Any finally don’t over complicate it, get a selection of loose tea, your kettle, a pot and a strainer and off you go. It’s how I started and it really is that simple.





Purchased from:

Price: £3.75 for 25g


Teahorses’ Green Mint tea combines Gunpowder Green Tea with peppermint – at first sounding like a really delightful combination. When you open up the pack the aroma of the mint really hits you.


This really does smell amazing prior to brewing; a real feel of freshness to the mint combined with tightly rolled balls of green tea. Hitting the kettle on and allowing to cool to the suggested 80C – pouring water over it brings out the minty aroma even more.




As it brews the gunpowder tea unfurls and the dried mint leaf opens out and this looks amazing as it is brewing in a glass pot!




It’s only as you taste it that it loses that real initial promise that the dried leaves offer – in terms of taste the mint is still there but it doesn’t take over or dominate the cup in any way. Don’t buy this as a mint tea as you may feel disappointed (see for a really strong mint tea) but that said the two flavours do work well together. My first thought was when would I drink this, if I want green tea that is what I would brew, if I wanted a mint tea then likewise but these two together? Just a thought.

Still it is a nice brew, it works ok but again, I’ve tried it but wouldn’t buy more.





Produced by: Twinings

Price: £4.29 fr 15

I’ve never been a real big fan of green teas but then I discovered that boiling water and green tea do not go together. Learning to brew it at a lower temperature was an eye opener, here was the way to get the real delicate taste of a quality green tea to come out. So it surprised me when the brewing instructions on the packaging suggests adding freshly boiled water. These tea temples are a premium product and are people going to get the best taste from them if they don’t taste nice?

Niggles aside these are a lovely tea temple of Jasmine green tea, the story of how the tea is scented is explained on the back of the packaging and when brewing they emit a lovely light floral aroma. To taste is pretty divine too, the delicacy of the green tea is interspersed with the lovely jasmine flavour, a real winning combination. This is a very floral tea, something you could just enjoy sat out in the garden on a pleasant spring day as much as when you really want something that is light and easy to drink.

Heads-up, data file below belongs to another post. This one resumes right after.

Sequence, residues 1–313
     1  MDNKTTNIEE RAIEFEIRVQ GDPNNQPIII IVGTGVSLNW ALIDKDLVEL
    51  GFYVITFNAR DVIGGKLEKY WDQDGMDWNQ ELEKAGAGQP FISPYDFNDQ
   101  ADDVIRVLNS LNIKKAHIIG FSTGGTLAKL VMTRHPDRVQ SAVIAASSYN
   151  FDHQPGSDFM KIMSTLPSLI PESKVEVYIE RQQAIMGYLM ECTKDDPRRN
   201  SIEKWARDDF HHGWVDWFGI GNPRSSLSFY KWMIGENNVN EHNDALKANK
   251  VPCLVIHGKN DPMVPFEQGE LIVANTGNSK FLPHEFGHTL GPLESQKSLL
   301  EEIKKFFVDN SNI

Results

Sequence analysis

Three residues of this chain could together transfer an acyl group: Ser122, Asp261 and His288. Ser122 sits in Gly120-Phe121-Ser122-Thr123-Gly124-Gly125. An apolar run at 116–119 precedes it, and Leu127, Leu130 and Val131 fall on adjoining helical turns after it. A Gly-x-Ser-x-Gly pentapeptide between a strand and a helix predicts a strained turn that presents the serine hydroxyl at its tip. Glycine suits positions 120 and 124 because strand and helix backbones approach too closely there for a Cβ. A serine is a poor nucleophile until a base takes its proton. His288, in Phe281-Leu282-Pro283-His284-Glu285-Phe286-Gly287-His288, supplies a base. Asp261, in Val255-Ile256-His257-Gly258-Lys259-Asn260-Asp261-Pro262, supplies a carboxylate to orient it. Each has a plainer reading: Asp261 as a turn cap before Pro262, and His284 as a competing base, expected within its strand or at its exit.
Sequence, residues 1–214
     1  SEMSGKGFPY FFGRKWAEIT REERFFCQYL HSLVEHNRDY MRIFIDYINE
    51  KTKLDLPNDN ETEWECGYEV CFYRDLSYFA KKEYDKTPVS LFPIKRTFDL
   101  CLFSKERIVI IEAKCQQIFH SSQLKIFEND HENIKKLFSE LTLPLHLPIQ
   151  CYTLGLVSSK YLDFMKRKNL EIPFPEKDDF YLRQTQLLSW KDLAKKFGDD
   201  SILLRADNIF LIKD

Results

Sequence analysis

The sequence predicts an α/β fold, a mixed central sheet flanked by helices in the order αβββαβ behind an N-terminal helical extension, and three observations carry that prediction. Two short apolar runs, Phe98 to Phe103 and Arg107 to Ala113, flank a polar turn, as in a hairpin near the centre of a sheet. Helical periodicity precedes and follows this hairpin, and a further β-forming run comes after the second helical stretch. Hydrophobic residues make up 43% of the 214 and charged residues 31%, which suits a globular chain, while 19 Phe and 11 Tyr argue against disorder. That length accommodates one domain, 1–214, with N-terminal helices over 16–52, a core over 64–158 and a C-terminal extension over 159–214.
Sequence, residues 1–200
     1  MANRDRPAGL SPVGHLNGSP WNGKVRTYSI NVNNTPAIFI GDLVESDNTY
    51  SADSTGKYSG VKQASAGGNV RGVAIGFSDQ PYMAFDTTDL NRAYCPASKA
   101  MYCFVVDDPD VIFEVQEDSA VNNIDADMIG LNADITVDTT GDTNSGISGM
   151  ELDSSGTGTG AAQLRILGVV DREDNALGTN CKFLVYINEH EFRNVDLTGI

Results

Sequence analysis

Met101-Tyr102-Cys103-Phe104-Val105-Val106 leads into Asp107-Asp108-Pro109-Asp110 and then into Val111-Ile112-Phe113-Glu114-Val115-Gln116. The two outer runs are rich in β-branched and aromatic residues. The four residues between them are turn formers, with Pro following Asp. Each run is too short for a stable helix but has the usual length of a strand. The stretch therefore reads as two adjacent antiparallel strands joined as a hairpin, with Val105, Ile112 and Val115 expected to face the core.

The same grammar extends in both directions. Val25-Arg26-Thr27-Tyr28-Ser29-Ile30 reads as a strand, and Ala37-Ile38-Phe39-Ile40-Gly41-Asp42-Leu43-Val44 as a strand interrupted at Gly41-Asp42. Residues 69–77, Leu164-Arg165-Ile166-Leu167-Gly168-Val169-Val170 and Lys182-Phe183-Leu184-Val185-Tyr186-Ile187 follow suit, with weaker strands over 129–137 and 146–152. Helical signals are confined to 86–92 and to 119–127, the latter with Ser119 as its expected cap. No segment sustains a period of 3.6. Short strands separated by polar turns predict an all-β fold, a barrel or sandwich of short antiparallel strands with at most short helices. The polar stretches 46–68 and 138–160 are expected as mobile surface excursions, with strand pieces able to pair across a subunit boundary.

Twinings have created a lovely tea here and that comes from a person who is indifferent to green tea. Well done.



Producer: Teapigs

Price: £4.15 for 15

So this is Genmaicha – or popcorn tea to its friends. Originating from humble origins whereby the poorer people of Japanese society blended green tea with toasted rice to make the tea last longer. I do like a good story about the background of my tea (don’t start me on monkey picked oolong) but this for me was all about the curiosity of how this will taste.

Green tea is very hit and miss with me and sometimes that has come from brewing for too long or using water which is too hot so please do bear that in mind when brewing up. It doesn’t need long to brew and let that boiled kettle cool down for a good few minutes to drop down to around 80%. This will bring out the best taste of the tea and should help to alleviate the bitterness or nasty taste that many people associate with green tea.

I can’t see myself drinking this on a regular basis, it is pleasant and “popcorn” isn’t really how I would describe it, more like a savoury rice cake taste to it. No bad thing as far as I am concerned but this doesn’t taste like your regular bag of Butterkist either if that is what you are expecting from this.

Definitely one to try, even if it is just to say you have tried it.